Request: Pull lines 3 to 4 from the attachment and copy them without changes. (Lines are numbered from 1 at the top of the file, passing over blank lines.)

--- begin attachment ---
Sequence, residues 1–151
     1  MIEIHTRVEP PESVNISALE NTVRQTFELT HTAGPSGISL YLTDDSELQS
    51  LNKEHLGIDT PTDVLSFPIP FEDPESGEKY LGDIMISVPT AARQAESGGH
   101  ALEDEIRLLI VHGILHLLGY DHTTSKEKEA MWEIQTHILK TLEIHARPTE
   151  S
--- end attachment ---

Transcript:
    51  LNKEHLGIDT PTDVLSFPIP FEDPESGEKY LGDIMISVPT AARQAESGGH
   101  ALEDEIRLLI VHGILHLLGY DHTTSKEKEA MWEIQTHILK TLEIHARPTE